Barefoot in the Garden

Ethne Clarke asked what kind of boots I wear for gardening. Boots? What boots? My favorite thing of all is gardening in bare feet, the soles of my calloused feet directly connects my soul to the warm, wet, highly textured earth…it’s like a whole new 7th sense of summer experienced through my toes, like prehensile antennae, and a profound sensual pleasure.

It all started when I was a kid growing up on the 20th-century America’s first organic farm. When summer came my mom would let us out in the morning and then beep the car horn at night when it was time to come in for dinner. Did I wear shoes? No way. I didn’t even wear a shirt till I was 8 or 9. I could measure the progression of summer by how much easier it got to run over the sun-baked pavement macadam or gravel drive. The first week was always hard, but by the end of summer nothing could stop me!

When I studied Permaculture with Bill Mollison many years ago, I was fascinated by his feet. He rarely wore shoes (or if he had to, a pair of cheap flip flops) and as a result, the calluses on the bottom of his feet looked to be about 2 inches thick. Now THAT was something to be proud of!

Unfortunately, with my job and such, I can’t get close to wearing that sort of casual footwear, but at home I love to see my feet get so dirty that even scrubbing doesn’t get the dirt off. And here is why: it grounds me. Bare feet connect me to the earth in a way that I can feel in my whole body. The energy of the whole planet flows through my body like a radio current that harmonizes with my soul. But it’s practical too. Through my feet I can tell if the soil is good or not, and how much water it needs. Through my feet I can tell if the grass is healthy or sick…I can even tell if it’s organic or not!!!! Even the stones have messages – about temperature or time of day. I can tell how alive things are by how they feel beneath my feet.

Some people walk on fire to test their faith and their bodies. I look at gardening barefoot in the same way. It’s amazing what we can do when we overcome our fear, when we walk carefully, watching each step and feeling the universe through our soles. At first our feet might be too sensitive. But it’s like exercise – we build our strength and resilience over time and with use. Yes, there are some risks (the occasional step on a bee, a rose thorn, or a slug) but those risks remind us that nature has a voice, too. We can’t just run roughshod over her without consequences. Barefoot gardening builds trust, in nature, in our selves and in our gardens.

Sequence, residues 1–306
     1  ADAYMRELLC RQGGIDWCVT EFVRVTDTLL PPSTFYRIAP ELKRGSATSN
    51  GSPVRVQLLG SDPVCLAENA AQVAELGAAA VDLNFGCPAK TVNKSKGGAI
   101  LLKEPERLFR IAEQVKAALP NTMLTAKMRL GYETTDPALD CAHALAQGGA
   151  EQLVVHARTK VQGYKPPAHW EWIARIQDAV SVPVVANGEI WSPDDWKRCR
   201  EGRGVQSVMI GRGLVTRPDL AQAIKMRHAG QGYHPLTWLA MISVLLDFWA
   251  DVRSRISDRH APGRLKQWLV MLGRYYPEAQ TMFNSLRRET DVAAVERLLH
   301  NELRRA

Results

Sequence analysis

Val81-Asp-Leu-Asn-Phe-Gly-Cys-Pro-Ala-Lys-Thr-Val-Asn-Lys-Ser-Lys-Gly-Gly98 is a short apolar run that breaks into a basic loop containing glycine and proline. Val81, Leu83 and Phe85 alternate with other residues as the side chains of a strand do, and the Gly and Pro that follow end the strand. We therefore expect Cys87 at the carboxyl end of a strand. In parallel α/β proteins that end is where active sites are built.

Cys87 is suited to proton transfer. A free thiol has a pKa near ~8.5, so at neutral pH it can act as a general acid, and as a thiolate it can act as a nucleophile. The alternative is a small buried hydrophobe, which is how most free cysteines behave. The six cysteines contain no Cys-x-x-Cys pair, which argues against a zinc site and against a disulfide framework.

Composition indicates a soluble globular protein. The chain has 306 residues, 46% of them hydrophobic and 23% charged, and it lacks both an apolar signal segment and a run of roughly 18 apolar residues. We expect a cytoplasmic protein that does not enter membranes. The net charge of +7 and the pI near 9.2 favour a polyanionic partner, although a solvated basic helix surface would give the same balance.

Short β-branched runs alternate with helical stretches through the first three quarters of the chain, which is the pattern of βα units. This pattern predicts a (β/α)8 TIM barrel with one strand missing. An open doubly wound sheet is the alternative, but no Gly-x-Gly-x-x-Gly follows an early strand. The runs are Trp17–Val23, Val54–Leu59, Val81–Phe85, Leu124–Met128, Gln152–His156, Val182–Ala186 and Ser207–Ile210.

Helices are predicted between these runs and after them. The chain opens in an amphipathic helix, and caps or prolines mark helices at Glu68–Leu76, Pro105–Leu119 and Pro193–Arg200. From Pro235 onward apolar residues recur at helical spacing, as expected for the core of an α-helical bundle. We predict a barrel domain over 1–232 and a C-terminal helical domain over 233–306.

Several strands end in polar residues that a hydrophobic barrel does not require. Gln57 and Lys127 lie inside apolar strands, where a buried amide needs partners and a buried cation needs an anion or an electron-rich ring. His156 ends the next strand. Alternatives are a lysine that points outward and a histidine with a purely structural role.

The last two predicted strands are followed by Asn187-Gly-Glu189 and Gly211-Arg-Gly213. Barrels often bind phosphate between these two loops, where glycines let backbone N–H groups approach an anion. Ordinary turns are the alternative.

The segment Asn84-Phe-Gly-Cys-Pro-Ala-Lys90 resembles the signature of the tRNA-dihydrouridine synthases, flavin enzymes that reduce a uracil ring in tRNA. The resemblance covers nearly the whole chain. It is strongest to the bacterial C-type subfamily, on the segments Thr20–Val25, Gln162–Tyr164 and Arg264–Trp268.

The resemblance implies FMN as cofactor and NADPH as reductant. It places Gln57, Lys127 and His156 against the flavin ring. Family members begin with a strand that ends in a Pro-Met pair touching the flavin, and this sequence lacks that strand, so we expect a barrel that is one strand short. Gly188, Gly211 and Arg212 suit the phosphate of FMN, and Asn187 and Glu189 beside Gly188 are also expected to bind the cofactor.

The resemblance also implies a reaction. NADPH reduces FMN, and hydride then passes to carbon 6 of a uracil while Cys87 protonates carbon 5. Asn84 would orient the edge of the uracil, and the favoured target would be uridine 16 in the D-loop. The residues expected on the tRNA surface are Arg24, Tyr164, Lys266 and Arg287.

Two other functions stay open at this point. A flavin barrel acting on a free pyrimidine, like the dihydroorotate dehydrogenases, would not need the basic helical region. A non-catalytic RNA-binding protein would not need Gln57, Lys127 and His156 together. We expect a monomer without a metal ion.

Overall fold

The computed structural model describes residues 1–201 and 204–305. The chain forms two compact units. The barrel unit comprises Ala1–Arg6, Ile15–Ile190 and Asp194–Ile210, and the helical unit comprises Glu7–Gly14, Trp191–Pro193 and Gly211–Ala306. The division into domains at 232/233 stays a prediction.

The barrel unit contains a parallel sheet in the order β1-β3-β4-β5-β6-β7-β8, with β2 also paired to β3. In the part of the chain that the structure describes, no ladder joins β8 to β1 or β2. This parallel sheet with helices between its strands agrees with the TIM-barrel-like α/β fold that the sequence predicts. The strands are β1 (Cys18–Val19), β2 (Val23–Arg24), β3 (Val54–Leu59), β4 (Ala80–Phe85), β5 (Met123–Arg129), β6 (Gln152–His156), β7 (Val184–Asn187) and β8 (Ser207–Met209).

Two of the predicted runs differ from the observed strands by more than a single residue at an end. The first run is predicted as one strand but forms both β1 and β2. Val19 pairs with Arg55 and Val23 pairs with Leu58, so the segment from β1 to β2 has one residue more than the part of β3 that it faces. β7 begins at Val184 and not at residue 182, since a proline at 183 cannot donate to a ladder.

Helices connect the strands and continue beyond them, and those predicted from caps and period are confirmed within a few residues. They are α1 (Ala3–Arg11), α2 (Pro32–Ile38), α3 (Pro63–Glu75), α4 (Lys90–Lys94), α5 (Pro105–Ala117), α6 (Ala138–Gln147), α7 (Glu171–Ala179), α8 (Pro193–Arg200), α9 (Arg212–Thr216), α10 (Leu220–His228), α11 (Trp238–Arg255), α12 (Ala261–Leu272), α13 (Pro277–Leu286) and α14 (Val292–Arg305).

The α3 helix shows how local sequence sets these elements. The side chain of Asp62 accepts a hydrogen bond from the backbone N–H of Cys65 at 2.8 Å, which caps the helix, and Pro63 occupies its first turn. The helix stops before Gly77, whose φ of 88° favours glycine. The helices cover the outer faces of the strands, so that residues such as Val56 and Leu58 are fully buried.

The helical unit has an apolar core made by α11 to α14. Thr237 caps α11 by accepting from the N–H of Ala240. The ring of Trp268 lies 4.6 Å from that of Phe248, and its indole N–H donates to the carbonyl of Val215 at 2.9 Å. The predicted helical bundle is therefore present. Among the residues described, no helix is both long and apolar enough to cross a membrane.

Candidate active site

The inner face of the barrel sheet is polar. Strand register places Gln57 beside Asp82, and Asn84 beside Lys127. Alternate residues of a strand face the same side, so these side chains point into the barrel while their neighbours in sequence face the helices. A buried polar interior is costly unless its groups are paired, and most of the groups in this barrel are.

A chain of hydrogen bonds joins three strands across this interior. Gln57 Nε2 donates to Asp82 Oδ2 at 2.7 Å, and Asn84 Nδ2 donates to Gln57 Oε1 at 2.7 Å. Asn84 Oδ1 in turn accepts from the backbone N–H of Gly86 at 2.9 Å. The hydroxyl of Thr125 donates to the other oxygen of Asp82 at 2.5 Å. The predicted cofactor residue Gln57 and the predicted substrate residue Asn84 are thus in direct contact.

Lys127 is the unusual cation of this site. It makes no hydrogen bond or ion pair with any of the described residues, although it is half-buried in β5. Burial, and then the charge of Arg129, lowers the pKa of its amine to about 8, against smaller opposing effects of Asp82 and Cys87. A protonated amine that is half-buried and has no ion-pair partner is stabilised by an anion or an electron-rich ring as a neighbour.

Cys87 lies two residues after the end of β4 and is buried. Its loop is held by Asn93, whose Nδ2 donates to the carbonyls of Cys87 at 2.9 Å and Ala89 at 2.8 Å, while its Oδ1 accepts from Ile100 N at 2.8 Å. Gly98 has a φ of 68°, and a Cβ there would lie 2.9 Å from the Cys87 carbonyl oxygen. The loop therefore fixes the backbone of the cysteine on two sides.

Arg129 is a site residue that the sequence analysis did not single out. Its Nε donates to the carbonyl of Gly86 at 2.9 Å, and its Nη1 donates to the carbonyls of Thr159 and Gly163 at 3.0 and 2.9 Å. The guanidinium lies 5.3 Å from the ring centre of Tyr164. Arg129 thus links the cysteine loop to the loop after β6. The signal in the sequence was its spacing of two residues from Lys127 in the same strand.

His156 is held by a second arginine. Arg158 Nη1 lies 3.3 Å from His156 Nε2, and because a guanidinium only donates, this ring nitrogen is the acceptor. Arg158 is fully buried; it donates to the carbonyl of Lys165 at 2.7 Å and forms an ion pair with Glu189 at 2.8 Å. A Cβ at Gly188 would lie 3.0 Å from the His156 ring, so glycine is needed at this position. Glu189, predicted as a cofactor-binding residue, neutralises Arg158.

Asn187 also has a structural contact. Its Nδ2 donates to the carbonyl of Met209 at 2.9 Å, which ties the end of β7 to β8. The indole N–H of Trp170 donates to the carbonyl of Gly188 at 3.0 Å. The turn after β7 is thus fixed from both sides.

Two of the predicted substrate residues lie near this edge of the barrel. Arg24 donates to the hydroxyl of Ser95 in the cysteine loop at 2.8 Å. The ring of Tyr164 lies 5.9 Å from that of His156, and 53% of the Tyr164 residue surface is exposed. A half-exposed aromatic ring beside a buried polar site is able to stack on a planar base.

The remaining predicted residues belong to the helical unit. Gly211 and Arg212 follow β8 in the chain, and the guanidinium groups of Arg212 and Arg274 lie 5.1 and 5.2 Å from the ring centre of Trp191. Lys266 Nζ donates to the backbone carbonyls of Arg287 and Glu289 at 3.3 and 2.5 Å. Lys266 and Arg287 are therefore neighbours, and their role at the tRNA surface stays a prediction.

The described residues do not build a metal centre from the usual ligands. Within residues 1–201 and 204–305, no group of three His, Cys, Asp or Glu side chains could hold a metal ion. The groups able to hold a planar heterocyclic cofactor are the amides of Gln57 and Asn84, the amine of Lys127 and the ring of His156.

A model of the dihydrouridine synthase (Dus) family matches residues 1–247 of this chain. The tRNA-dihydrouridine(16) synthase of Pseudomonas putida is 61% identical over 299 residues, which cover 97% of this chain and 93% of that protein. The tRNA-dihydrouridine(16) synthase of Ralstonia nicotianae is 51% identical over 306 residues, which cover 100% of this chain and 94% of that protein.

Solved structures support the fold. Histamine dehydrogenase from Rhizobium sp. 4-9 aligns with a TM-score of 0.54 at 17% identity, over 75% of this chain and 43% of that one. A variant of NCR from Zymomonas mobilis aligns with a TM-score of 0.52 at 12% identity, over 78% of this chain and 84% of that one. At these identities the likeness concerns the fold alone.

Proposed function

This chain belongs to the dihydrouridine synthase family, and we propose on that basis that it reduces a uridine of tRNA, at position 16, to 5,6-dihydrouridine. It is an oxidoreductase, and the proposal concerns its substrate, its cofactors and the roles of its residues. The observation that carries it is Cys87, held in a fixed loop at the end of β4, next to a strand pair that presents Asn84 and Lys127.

But it feels good, too.


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8 Responses to Barefoot in the Garden

  1. Laura B. October 7, 2011 at 6:23 am #

    AHHH! I too love to be barefoot, & garden, and as a child had the luxury to do so as well. My mother would send me out w/ shoes, but I’d hide my shoes under a bush or in a downspout. The secretly squeeze my diry feet back into them before I went home. Then she’d wonder why my feet were so stained.
    I’d climb trees, wade the local “crik” (creek), run wildly through fields of white clover, risking a bee sting. Back then, these fields were buzzing alive w/ honeybees.
    My feet widened as a result, & remain tough to this day. (& make it challenging to find shoes that fit!)
    However, as a sandal & flip flop wearer, I get self conscious of my stained feet, which often times are impossible to clean thoroughly. Our society has higher expectations of grooming, particularly on older women. *sigh….

  2. Bonnie October 7, 2011 at 6:42 am #

    Envious! I loved going barefoot every chance I got and still do.

    Growing up, my Mom expected me to be very ladylike and so no time in the garden. I came to love gardening when a high stress job pushed me into finding a really relaxing activity.

    Now I need special shoes to walk, but enjoy remembering some barefootin’ times.

    Garden on…..

  3. Dirty Soles October 9, 2011 at 12:54 am #

    I am glad to hear about a woman who like’s to get the bottoms of her feet dirty I am barefoot all the time and would love to meet and compare soles…

  4. Dirty Soles October 9, 2011 at 12:55 am #

    Correction on the URL…

  5. michele October 9, 2011 at 11:26 pm #

    My niece especially loves to walk around barefoot in the yard or anywhere she can.

  6. Greg November 16, 2013 at 2:28 pm #

    I go without shoes every chance I can. The last two years that I mowed the grass I did it barefoot and I had the green feet to prove it! So, I would get along great with a dirty-foot woman. Life is sooooo much better in bare feet inside and outside.

  7. saralyn January 14, 2014 at 11:19 pm #

    at first i wouldnt have dreamed of gardening barefoot for fear of stepping on something sharp and hurting my foot or something squishy and getting grossed out but i had a friend who i found out did it and said it was perfectly safe especially if you know the ground has been carefully maintained.i was hesitant but she told me of the joy it brought her to be connected to the earth and saved wear and tear on i do it all the time and love getting my feet dirty.its so relaxing most times i stretch out in our lounge chair and fall asleep

  8. saralyn May 30, 2015 at 1:24 am #

    i am like that last writer i thought working in the garden would be unsafe like stepping on a sharp rock or yucky like stepping on a snail. but after went to visit a freind and saw her gardening happily barefoot and encouraged me to do the same love took a while or my feet to build up tolerance but as soon as warm weather hits the shoes come off and wtihin two weeks ithe soles of my feet are tough enough to withstand anything.i love feeling the dirt under my toes and as she said its so relaxing after an hour or so i lay down in my lounge chair and fall immediatly to sleep.

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